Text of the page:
She wasn’t the only one. When the hospice workers who come to the house several times a week insisted there be no visitors and absolutely no food brought in, everyone meekly acquiesced. But behind the scenes, the local church ladies put on masks and gloves and gathered in one of their homes to make bologna salad sandwiches from Aunt Gene’s own recipe. They called my husband to come and pick them up and secretly deliver them to her house, so that any “stray illegals” who popped in before or after the funeral would be fed.
My aunt has not been out of the house for nearly two years since going on hospice care. This week, her granddaughters arranged for a transport van with a lift and a wheelchair to get their grandmother to the graveside service. Then, just a few days before the service, Aunt Gene said she really wanted to see her son’s body so she could have closure. Maybe she needed to make sure he was really, really dead, as that song in the Wizard of Oz goes. But we all suspect it was more a matter of pushing through those doggone Covid parameters to exert some control over a difficult situation.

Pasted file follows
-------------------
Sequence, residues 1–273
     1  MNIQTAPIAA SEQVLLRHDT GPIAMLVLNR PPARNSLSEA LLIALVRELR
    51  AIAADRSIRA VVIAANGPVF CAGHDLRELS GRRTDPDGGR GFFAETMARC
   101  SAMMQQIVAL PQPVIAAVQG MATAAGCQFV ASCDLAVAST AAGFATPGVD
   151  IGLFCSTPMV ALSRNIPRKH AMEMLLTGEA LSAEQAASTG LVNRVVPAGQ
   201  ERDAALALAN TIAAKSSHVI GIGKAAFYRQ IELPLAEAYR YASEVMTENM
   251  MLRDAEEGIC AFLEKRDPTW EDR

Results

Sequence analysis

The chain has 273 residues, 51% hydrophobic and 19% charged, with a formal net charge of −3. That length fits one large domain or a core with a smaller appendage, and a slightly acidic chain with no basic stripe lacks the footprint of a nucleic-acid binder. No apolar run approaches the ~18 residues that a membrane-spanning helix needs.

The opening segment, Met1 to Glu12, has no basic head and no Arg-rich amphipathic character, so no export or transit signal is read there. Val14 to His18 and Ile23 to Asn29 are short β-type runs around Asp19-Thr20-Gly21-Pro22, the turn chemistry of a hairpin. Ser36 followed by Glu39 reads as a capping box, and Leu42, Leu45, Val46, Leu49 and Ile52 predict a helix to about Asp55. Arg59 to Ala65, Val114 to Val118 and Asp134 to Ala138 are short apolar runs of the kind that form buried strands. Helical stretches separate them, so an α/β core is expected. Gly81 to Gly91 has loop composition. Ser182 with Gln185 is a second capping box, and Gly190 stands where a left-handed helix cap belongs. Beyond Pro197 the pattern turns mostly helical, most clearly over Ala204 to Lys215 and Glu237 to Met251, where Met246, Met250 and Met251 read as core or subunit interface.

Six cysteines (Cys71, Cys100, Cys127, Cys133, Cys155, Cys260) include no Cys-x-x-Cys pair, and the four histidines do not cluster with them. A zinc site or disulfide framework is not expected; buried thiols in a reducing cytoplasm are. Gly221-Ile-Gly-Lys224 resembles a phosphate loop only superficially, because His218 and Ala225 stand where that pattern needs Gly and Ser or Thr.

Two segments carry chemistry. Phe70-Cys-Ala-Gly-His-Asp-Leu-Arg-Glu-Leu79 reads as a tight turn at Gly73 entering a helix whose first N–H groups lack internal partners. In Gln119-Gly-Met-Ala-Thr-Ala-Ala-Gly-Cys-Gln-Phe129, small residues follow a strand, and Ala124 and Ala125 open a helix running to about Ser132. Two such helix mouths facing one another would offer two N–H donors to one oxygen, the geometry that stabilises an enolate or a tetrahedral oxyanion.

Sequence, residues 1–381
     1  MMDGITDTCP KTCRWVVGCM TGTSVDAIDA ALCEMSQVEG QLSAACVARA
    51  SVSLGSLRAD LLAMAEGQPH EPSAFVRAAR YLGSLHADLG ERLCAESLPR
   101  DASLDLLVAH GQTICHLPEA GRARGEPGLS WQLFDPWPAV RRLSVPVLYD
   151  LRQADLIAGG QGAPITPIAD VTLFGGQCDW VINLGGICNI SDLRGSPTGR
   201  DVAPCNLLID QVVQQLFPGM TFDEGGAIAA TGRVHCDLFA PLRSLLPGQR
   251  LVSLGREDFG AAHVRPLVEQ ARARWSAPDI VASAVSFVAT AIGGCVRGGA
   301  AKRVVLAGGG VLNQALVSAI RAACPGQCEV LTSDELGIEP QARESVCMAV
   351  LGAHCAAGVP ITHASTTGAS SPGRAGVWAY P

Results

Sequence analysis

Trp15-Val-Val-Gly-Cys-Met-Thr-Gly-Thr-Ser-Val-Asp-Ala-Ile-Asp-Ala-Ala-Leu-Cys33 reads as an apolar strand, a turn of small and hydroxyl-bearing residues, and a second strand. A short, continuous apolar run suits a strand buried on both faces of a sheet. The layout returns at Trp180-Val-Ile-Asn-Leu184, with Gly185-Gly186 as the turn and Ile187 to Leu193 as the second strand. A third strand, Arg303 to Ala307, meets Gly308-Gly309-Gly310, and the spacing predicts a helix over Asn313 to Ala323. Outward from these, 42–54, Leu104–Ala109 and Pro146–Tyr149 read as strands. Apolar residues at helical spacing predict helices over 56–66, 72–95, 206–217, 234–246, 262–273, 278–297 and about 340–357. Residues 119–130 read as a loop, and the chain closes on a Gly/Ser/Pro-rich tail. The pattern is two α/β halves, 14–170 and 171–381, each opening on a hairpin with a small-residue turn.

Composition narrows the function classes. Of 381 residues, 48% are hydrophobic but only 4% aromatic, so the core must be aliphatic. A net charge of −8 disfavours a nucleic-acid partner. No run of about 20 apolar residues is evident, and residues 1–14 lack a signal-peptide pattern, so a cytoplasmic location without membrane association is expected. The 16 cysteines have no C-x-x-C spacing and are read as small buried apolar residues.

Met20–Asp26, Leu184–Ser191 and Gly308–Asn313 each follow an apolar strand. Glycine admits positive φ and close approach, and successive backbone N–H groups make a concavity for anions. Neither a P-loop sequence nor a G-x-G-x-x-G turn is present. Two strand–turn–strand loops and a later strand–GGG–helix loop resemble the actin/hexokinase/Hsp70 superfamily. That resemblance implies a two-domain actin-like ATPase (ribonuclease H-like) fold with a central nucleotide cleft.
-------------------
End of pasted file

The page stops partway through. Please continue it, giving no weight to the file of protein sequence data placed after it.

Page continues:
The funeral home directors quickly arranged for an 11 a.m. viewing at the mortuary, followed by the 2 p.m. graveside service. That required two separate appointments with the wheelchair transport van. It also required a virtual retinue of family members to help Grandma Gene get dressed in something more attractive than flannel pajamas, shove men’s slippers over hospital socks, over edema-swollen feet, and wheel her across temporary ramps and into the van. She got a bit annoyed when someone shoved a plastic face shield over her newly-permed hair. And she flat out refused to wear a second mask underneath the shield, saying she couldn’t breathe.